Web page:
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Ben Vereen, Ronald Reagan and the travesty of blackface, potently remembered

Ben Vereen, Ronald Reagan and the travesty of blackface, potently remembered
An image from Edgar Arceneaux's “Until, Until, Until ...,” 2015. (Paula Court / Edgar Arceneaux and Susanne Vielmetter Los Angeles Projects)

The problem with reenacting a blackface minstrel show, even to make a political point, is that on some level, it is still a blackface minstrel show. That was Ben Vereen's problem at Ronald Reagan's 1981 inaugural gala, where Vereen performed a musical hommage to fellow black entertainer Bert Williams, a vaudevillian who was forced to perform in blackface at the turn of the 20th century.

Vereen intended the number as a prelude to a critique of racial discrimination, but the telecast omitted the second part of his act, leaving viewers at home with only a partial impression — that of an Uncle Tom, shucking and jiving for a gleeful white crowd.

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This is also Edgar Arceneaux's challenge in his performance and video installation, "Until, Until, Until …" at Susanne Vielmetter Los Angeles Projects. In it, black actor Frank Lawson reenacts Vereen's reenactment. The piece is in some ways a reparation, but it is also a dissection. Arceneaux tackles the complex phenomenon of blackface, with its curious mix of affection and derision, by throwing the focus onto the audience, where in many ways it has always belonged.

The piece was performed live the first weekend of June and appears in the gallery as a video projected onto translucent stage curtains. Behind is the set, populated by only a coat rack and a makeup table with a lighted mirror. On the back of the mirror is a video monitor playing the telecast of Vereen's performance. It is enhanced with video effects that make it look as if it's disintegrating. The effect parallels the subsequent crumbling of Vereen's career and also Arceneaux's attempt to atomize the damaging event.

Lawson, a magnetic performer, runs through Vereen's act twice. The stage is bathed in video projections: live footage of Lawson and the current-day audience, as well as the original telecast, often focusing on crowd reaction shots.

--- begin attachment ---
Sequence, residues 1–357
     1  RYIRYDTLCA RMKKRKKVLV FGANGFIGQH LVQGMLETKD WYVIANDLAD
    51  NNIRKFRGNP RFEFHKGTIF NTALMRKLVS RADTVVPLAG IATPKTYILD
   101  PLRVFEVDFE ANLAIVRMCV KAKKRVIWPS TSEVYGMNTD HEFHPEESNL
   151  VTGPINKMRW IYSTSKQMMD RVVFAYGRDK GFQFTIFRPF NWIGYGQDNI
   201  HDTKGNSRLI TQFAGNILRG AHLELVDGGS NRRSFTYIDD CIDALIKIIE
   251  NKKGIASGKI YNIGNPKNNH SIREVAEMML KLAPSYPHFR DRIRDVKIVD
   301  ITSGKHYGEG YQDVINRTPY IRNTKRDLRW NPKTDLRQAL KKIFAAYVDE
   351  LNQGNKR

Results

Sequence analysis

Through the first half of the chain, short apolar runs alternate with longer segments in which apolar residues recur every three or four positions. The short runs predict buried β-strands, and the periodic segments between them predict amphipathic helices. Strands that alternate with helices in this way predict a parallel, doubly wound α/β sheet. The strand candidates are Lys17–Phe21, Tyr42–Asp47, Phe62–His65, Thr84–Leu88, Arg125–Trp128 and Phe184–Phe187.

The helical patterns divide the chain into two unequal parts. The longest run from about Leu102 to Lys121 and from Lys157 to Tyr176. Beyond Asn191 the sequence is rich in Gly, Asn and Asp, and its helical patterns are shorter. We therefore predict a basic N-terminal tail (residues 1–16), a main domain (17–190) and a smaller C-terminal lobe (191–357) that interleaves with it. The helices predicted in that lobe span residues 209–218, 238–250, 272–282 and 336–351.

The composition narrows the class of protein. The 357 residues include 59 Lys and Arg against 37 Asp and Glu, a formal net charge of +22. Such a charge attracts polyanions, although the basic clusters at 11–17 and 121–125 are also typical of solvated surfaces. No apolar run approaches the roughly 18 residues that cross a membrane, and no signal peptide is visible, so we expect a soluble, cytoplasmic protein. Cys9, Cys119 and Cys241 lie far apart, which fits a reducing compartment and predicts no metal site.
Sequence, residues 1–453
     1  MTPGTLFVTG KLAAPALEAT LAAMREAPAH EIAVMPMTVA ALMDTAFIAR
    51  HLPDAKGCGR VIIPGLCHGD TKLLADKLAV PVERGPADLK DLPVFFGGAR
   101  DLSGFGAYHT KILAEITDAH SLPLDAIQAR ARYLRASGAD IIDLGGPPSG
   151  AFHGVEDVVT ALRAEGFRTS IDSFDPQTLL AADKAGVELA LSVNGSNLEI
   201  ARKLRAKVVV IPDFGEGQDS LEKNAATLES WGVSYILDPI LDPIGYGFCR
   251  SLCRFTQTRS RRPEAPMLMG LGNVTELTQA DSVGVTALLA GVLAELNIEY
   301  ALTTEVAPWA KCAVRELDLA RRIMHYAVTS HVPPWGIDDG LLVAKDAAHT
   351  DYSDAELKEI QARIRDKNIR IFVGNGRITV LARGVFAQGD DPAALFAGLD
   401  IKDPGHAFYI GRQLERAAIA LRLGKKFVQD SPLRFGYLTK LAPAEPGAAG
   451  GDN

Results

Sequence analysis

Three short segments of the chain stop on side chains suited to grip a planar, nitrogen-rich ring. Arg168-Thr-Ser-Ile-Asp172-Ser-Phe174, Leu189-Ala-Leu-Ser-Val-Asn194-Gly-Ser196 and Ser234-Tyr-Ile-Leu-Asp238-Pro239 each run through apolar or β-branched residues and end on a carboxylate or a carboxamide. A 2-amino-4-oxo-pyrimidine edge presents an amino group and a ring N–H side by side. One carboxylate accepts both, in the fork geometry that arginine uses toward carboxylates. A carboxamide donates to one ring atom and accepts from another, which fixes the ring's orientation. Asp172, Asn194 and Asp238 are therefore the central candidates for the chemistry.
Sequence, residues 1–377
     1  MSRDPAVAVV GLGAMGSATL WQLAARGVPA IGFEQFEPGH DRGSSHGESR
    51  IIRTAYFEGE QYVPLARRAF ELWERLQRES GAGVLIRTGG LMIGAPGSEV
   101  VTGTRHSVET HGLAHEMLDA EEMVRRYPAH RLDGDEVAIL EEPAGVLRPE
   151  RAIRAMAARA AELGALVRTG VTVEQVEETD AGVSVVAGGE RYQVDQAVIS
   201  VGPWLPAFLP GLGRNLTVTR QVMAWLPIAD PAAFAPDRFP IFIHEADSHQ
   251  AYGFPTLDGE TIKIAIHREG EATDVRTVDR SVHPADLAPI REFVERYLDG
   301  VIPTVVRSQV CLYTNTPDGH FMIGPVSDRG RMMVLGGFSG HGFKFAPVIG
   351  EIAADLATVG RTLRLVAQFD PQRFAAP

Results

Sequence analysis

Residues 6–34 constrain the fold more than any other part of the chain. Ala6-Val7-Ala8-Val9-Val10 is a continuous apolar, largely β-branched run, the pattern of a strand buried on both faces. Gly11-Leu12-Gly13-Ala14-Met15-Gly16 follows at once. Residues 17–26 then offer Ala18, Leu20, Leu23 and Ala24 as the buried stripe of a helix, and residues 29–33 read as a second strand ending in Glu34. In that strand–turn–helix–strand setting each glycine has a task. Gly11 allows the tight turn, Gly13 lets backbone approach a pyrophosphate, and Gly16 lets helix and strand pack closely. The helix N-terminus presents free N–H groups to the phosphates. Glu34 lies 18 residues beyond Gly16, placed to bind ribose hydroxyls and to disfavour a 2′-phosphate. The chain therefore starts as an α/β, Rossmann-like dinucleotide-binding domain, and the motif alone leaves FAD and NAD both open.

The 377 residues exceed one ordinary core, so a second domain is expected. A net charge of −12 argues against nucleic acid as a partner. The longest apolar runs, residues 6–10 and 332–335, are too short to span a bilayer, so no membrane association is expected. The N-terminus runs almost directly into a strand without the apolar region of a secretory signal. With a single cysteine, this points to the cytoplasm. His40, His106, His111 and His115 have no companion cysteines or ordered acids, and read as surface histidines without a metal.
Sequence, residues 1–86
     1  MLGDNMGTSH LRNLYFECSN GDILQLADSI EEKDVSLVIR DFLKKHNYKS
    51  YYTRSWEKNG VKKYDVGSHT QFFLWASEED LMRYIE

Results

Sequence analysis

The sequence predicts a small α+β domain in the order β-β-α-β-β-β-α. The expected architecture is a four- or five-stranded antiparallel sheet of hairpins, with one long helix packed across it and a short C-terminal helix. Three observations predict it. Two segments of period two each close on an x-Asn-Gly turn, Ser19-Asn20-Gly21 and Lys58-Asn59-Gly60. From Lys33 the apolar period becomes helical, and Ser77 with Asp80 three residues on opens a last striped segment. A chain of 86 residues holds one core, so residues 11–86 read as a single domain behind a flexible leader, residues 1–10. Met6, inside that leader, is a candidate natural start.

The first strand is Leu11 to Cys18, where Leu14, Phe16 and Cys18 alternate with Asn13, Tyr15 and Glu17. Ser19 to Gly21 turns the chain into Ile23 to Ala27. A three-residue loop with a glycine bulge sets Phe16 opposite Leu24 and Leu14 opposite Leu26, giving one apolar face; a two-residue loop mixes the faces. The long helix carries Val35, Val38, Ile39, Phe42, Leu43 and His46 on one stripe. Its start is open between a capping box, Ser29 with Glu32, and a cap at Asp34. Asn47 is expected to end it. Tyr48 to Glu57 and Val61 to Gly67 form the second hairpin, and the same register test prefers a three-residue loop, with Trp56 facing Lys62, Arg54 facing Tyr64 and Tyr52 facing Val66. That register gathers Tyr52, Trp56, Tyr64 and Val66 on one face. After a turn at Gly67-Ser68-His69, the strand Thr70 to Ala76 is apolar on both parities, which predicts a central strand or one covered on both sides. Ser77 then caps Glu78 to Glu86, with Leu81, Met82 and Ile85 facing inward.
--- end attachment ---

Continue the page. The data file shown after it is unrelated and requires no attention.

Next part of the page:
The first run-through adheres — cheekily, unfaithfully — to the broadcast, in which Vereen's truncated act was followed by Donny and Marie Osmond. (Lawson plays Donny, joined by a sparkly Mel Mehrabian as Marie.)

The second is a version of the performance as it was originally intended. For this, audience members are invited onto either side of the stage, facing one another. The move forces us to acknowledge our role as spectators. There's no getting around the fact that we are watching a blackface performance — no matter how many generations removed — and are complicit in its humiliations. At the performance I attended, despite Lawson's virtuosic singing and dancing, nobody applauded. I suspect no one wanted to find themselves in league with the laughing inauguration crowd projected all around us.

This is the power and beauty of Arceneaux's work: Its ability not only to excavate the traumas and travesties of blackface, but to locate them in the fears and desires of the audience, us.

Susanne Vielmetter Los Angeles Projects, 6006 Washington Blvd., Culver City. Through July 1; closed Sundays and Mondays. (310) 837-2117, www.vielmetter.com

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